System monitoring with Glances

Once you are familiar with Docker and have created several containers, it is the best time to monitor the server. You will monitor the resources and see if any containers are using them more than they should.

Glances is a monitoring tool written in Python that will give you the minimal but critical system information in the terminal itself or in a Web browser.

Let’s look at two ways to install Glances.

Installation and use

Installation with Script

You can easily install Glances as server software using the following Script:

$ curl -L | /bin/bash

To use it, just run the following command:

$ glances

Glances Terminal

This method is the easiest, but Glances and its dependencies will remain installed on the system, making it more difficult to uninstall or upgrade. Recommended installation using a Docker container.

Docker installation

Although it may seem more complicated, if we already have the basic notions of Docker, the creation of the Glances container is quite simple, just execute the following command:

$ docker run -d --name=Glances --hostname=Glances --restart="always" --network=host -e GLANCES_OPT="-w" -v glances_config:/glances/conf -v /var/run/docker.sock:/var/run/docker.sock:ro --pid host

As it is a command with many arguments, I will explain each one separately:

  • docker run -d: Create a container with the following configuration if it does not exist and start it in background.
  • --name=Glances: The name of the container. This is important because you can have several containers based on the same image.
  • --hostname=Glances: The name of the container machine. Optional.
  • --restart=always: Restart the container if it stops. If it stops manually, it is only restarted when the container is manually restarted, or the Docker service is restarted.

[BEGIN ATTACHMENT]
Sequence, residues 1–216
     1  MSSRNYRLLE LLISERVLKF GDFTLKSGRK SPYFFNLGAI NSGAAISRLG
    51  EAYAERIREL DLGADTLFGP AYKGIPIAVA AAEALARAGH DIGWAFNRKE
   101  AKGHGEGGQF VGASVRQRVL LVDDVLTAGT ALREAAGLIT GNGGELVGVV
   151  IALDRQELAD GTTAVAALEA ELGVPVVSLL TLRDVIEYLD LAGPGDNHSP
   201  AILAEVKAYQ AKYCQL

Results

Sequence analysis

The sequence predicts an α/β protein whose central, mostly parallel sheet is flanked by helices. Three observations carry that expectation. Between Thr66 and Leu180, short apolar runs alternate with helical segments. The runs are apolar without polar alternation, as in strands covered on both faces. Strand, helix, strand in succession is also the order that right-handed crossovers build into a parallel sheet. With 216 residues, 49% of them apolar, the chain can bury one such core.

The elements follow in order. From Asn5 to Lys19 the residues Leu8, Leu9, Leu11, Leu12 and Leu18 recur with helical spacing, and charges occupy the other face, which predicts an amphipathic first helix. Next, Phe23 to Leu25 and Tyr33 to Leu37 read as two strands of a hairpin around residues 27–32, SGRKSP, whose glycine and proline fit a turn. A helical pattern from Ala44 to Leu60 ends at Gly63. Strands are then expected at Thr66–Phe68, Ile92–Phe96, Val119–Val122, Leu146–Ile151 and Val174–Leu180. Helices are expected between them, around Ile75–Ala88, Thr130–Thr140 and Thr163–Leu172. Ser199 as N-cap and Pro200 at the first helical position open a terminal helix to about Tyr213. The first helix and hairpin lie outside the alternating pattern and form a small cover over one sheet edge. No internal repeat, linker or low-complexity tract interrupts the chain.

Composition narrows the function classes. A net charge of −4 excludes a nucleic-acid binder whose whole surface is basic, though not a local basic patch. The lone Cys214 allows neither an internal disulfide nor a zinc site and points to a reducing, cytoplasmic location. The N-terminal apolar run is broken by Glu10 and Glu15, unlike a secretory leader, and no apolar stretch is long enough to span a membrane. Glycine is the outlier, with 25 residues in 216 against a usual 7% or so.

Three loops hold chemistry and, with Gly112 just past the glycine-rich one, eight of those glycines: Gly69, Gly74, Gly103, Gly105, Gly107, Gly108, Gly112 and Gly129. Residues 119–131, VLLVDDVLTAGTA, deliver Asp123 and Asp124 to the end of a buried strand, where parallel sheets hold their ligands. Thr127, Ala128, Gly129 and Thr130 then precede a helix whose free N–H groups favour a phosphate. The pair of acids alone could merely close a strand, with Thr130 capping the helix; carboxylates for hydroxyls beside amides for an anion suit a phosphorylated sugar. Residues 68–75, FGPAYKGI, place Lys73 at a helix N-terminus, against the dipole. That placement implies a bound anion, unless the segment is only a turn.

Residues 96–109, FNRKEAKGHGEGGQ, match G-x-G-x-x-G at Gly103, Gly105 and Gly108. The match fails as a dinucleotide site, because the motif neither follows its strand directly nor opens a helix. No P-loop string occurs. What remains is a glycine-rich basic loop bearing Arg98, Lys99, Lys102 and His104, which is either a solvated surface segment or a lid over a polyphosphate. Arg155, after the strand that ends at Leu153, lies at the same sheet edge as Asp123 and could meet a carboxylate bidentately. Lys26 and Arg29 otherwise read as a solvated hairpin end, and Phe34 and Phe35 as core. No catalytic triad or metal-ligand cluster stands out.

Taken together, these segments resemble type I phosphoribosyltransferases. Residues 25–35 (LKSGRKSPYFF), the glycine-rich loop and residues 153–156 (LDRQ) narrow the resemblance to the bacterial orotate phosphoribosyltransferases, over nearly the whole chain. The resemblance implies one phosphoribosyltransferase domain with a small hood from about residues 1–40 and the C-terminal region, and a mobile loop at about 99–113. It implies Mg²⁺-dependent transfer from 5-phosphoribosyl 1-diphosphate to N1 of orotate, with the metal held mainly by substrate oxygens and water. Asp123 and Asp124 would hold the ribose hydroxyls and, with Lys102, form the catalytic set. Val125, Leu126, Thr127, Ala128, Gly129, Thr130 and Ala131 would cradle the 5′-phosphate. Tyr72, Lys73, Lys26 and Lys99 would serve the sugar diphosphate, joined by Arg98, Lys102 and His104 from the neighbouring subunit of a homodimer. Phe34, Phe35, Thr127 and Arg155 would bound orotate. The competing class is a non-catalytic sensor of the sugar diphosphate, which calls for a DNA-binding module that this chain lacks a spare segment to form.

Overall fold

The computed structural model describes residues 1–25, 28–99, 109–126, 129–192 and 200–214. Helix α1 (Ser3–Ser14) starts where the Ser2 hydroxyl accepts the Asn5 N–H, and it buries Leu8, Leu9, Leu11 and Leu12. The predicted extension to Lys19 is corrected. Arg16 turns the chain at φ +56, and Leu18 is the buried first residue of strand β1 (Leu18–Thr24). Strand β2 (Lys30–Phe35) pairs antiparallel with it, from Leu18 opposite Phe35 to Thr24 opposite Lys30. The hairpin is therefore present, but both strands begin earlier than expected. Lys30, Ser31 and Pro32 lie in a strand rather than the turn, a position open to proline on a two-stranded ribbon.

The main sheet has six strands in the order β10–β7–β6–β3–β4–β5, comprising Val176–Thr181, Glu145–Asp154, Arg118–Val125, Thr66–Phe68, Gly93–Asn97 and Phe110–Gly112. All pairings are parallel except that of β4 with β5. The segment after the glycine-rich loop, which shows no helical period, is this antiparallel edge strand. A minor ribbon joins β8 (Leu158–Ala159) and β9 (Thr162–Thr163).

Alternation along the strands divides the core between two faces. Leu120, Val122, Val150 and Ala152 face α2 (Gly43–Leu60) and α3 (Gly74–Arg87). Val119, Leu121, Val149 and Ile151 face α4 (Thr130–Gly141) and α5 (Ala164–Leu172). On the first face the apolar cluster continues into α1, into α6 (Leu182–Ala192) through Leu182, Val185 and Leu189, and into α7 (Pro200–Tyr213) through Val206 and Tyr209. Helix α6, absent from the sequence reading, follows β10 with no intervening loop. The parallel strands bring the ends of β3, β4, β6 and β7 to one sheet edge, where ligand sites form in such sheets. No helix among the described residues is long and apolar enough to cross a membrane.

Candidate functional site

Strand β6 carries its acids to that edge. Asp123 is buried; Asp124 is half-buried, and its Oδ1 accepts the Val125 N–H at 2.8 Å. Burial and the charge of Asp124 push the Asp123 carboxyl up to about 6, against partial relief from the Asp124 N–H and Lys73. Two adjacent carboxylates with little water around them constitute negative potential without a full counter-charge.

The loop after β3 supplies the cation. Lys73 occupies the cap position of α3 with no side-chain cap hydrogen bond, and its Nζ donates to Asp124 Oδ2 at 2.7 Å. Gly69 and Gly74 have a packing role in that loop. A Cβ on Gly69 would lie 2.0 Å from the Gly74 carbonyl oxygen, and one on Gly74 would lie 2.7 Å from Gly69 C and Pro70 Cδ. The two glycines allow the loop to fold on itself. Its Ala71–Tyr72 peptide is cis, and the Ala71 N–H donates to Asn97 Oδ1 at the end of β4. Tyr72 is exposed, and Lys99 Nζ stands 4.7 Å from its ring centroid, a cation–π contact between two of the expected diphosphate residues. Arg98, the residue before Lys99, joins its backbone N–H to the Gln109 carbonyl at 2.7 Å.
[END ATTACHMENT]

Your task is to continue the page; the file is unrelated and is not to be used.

• --network=host: The host networking uses the IP address of the host running docker such that a container’s networking appears to be the server rather than separate.
  • -e GLANCES_OPT="-w": With this argument Glances will start the Web server to be able to see the information from any Web browser.
  • -v glances_config:/glances/conf: Links the Glances settings to a volume so that the data persists even if we delete the container.
  • -v /var/run/docker.sock:/var/run/docker.sock: Links a server folder (left), with a container folder (right). In this case as Portainer will have access to the server containers, it links its information with the docker.sock file.
  • --pid host: Indicates to use the namespace of the Host for the processes. This parameter gives the container access to the server processes.
  • Indicates the image used to mount the container. If no version is specified, it will take the latest stable version.

Then, having used the -e GLANCES_OPT="-w" option, a Web server will be created to look up the data on port 61208. Enter the Web address http://SERVERIP:61208 and you will see all the system and container information.

Glances Web

Bonus: Integración en Home Assistant

To avoid having to look up Glances in the terminal or on the Web page from time to time, we can integrate Glances in Home Assistant and, by the way, integrate it into your notification system and receive warnings if any sensor exceeds the established limits.

The only requirement is to have started Glances with the Web server enabled, that is with the -w parameter.

$ sudo glances -w
Glances web server started on

This parameter was already included when creating the Docker container in the previous section.

In Home Assistant, include the integration from Configuration -> Integrations -> Add Integration (Button +). Look for Glances and configure the fields in the following window. If you have followed the article, and Home Assistant is installed on the same machine as Glances, there is no need to change anything.

Glances Integration

An integration with several entities will be created that you can include in the Dashboard or use in automations.


Glances may not be the most powerful system monitoring software, but it provides the most critical information to detect problems at a glance. Its installation is just a command and consumes almost no resources.

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